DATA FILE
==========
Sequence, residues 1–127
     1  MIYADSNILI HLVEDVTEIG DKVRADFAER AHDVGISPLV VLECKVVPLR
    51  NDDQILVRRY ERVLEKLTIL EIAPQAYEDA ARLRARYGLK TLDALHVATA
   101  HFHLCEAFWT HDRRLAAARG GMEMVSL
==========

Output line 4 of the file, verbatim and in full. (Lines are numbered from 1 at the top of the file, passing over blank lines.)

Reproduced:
   101  HFHLCEAFWT HDRRLAAARG GMEMVSL